Why is my Dog Limping?
Limping in dogs can be a sign of something serious, or it can be a sign that your dog has suffered a minor injury that just needs a few days to heal. Dog owners are often not aware of the various reasons that their dog might be limping, and that can make it challenging to identify the correct diagnosis for your dog’s limping. The longer that your dog has been limping, the less likely it will be that your dog can get prompt treatment.
Knowing more about dog limping is important so that you can provide the kind of care that your dog needs. Some smaller concerns can be handled directly by pet owners, while others will require a visit to the vet. Knowing the difference between both kinds of problems can make a big difference in your ability to alleviate problems when they show up. If you are ready to learn more about why your dog is limping, you need to keep reading.
Causes of Limping in Dogs
Dogs might limp for a variety of reasons. It’s important for dog owners to be able to recognize the signs of severe injury or pain compared to lesser injuries that might not be cause for as much concern.
Listed below are the main causes:
Sore Pads of the Foot
This can happen when your dog plays too hard, steps on something sharp, or goes outside with you on the hot pavement when it is too warm for dog paws to be out and about. Sore pads of the foot are often really easy to treat, and simply putting some ointment on the sore pad and keeping it clean can help a lot as your dog heals. Your vet might need to check out your dog’s feet if they have been kept indoors for a few days without seeing any improvement.
The pads of your dog’s feet can get sore from yeast infections, skin infections, cuts, and other more severe problems that might necessitate a visit to the vet to get the right medications for relief.
If your dog has not completely broken a bone and has instead fractured something, they might still put some weight on their injured leg rather than holding it in the air without using it. This kind of more minor break can sometimes be overlooked at first since many people believe incorrectly that their dog would not be able to use a broken leg at all. Fractures can often be healed with a splint and some rest, but more serious breaks will often require surgery. Broken limbs take a long time to heal, and if you think that your dog has broken something, you will want to head to the vet right away.
In older dogs, arthritis is often noticed first as limping after going for a walk or after playing. Your dog might limp all the time due to arthritis or only when exerting. Early-stage arthritis can be easy to mix up with other smaller problems that might heal with a few days of rest. Make sure that your older dog goes to the vet for evaluation for arthritis if they start limping.
The sooner that you get your dog onto a pain management protocol and joint care protocol related to arthritis, the better. Older dogs can suffer a big impact on quality of life when they have arthritis, so you will want to be sure that you attend to limping related to arthritis pain sooner rather than later.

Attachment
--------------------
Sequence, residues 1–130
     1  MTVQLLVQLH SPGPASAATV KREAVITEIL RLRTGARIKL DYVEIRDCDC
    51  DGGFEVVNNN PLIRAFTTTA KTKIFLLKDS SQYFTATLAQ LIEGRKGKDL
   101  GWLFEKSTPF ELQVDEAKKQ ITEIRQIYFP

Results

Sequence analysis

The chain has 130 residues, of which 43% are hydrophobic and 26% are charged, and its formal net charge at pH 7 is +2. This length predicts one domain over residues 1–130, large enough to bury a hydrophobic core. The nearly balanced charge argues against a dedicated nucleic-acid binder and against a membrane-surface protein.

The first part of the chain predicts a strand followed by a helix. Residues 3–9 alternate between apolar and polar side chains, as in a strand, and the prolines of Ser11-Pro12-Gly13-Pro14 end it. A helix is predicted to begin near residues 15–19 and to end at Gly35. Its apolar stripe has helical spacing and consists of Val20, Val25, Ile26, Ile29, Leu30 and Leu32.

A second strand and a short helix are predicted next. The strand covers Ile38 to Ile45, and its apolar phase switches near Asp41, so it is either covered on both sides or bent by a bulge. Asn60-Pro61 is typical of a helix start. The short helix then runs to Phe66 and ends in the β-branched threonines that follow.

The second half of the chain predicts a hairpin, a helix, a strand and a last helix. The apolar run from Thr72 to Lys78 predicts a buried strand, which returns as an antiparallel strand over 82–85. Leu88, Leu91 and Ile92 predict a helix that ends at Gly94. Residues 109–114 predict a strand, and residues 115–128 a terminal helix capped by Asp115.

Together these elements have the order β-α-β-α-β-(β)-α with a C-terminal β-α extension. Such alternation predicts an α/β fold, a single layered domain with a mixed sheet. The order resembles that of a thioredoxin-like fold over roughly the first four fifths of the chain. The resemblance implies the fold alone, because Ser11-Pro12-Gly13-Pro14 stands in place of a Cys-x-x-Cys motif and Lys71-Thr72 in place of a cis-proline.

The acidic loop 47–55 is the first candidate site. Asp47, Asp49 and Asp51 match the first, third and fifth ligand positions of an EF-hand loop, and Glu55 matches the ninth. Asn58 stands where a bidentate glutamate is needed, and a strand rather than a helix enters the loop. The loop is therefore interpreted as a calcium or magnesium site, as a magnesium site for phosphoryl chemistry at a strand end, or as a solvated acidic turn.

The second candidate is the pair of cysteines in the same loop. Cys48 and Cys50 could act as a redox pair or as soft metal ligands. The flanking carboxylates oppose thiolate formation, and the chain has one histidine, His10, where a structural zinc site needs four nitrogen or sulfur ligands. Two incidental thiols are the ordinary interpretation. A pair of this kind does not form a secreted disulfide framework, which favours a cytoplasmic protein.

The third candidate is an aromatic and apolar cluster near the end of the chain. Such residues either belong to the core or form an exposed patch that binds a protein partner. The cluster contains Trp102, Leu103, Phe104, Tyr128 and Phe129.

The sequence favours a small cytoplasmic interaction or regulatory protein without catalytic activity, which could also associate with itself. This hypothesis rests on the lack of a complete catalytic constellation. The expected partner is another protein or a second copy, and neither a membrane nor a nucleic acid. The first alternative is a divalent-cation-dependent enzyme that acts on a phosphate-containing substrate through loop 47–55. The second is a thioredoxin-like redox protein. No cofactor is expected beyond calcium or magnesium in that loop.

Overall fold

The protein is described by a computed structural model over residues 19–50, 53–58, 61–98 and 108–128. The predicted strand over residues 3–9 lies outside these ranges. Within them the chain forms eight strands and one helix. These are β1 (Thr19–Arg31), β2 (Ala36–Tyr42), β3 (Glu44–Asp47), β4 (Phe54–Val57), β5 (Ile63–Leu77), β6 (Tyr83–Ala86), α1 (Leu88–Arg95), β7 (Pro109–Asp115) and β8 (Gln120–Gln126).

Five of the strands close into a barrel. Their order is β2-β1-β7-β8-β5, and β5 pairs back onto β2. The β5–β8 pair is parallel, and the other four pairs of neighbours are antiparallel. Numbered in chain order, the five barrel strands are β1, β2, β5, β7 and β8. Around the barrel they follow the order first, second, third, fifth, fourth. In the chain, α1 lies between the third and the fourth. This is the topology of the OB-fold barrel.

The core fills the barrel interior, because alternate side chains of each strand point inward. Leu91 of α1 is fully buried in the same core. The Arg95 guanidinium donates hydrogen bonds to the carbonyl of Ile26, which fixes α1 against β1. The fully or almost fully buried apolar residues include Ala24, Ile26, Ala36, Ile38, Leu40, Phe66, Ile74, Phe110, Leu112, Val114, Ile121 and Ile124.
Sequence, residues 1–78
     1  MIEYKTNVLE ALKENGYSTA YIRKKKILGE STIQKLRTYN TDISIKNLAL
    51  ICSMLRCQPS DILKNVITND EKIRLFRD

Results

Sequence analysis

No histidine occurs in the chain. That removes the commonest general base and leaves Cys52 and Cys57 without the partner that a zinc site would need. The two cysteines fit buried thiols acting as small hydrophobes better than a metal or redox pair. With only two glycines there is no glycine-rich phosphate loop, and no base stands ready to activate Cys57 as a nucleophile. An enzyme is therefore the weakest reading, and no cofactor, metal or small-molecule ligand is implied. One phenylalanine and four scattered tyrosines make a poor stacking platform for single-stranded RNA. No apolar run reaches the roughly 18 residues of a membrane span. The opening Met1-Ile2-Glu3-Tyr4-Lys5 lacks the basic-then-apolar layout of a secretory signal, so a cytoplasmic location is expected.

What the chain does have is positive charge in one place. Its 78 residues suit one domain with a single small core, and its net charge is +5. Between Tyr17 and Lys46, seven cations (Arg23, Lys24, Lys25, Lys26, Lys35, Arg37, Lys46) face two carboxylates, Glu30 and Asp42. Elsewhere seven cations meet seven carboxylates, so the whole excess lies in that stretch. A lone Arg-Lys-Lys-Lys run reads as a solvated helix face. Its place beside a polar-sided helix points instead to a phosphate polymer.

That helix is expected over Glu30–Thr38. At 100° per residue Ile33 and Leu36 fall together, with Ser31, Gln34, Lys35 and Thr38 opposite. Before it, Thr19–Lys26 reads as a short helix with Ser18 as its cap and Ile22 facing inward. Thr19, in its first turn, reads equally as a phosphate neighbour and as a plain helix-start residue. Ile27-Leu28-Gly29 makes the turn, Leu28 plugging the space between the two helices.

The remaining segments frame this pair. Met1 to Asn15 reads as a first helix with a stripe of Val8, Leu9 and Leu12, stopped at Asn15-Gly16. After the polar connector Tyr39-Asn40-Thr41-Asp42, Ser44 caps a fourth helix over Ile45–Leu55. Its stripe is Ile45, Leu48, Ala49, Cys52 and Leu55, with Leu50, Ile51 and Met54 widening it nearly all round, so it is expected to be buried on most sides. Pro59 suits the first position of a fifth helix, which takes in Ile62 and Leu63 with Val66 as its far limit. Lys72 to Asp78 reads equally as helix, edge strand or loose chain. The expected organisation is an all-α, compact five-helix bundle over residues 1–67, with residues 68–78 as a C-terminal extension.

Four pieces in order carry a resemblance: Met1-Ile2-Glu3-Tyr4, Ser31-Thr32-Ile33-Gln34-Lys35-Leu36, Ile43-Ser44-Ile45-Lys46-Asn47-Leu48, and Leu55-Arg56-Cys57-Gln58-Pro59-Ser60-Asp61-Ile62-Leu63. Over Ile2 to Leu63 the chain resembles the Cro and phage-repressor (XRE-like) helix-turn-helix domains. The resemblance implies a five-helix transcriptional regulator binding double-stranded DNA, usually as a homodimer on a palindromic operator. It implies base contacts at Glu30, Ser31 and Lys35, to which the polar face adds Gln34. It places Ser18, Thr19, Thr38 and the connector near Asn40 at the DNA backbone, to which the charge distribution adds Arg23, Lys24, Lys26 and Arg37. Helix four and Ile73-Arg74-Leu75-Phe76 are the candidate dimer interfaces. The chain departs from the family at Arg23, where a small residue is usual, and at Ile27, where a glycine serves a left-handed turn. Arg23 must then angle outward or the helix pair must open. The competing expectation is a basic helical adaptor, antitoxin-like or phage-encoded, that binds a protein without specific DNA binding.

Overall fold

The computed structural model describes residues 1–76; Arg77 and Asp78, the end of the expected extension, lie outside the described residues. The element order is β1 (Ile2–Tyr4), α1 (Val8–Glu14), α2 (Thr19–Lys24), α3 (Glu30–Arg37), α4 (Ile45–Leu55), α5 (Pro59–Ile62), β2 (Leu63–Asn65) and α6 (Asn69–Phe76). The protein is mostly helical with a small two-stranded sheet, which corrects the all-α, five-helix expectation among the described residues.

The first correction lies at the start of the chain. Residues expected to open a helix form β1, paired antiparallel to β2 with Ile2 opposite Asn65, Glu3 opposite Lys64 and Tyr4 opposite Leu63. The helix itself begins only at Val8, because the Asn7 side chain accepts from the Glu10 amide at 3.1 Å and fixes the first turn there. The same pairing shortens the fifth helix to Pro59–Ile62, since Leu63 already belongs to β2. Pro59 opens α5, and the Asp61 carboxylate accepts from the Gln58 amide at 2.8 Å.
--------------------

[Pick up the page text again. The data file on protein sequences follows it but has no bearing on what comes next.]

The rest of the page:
Sprains and strains can happen, and dogs can actually experience a lot of pain related to these more minor injuries. These kinds of concerns often take care of themselves with a little rest and some pain medications, but you should be wary of sprains that take longer to heal than a few days. This might mean that something more serious is going on, and a visit to the vet might be needed.
Cancer or Other Serious Illness
There are a few serious illnesses, like cancer, which can cause pain in a limb or in the joints. If your dog has not improved with other treatment modalities, you should be sure that you head to your vet. Catching cancer or conditions like Lyme Disease early can make all the difference for your dog’s long-term well-being. While not every one of the more serious health conditions can be treated readily, even when caught early, there are usually key benefits to getting on top of treatment for serious illnesses as soon as possible.
ACL tears are much more common in larger breeds of dogs. These injuries can be quite sudden and can happen when playing or even just going for a walk. Your dog might immediately start limping badly, or it might take a while to see the full loss of function in the limb. The severity of the tear has a lot to do with the symptoms of this kind of injury. This kind of problem almost always requires surgery to correct, and you will need to take your dog to the vet for evaluation if you think this is the reason for their limp.
Contact Emergency Veterinary Care Centers if Your Dog is Limping
There are various reasons that your dog might be limping, and some of them are much more serious than others. If your dog is not improving after some time resting and taking pain medications, something more severe might be going on. You should never hesitate to take your dog to the vet if they have started limping and you have reason to think that there is a bigger issue going on than a sore pad in their foot.
Your veterinarian will be able to advise you about the best course of action and help you take care of your dog’s needs so they can get back on their feet as soon as possible. Limping can severely limit your dog’s quality of life over time, so you should not hesitate to get help from your vet if you need it. For more information, or if you would like to speak to an emergency vet, contact Emergency Veterinary Care Centers by calling one of our locations. Our highly skilled professionals are here for you and your pet 24/7.
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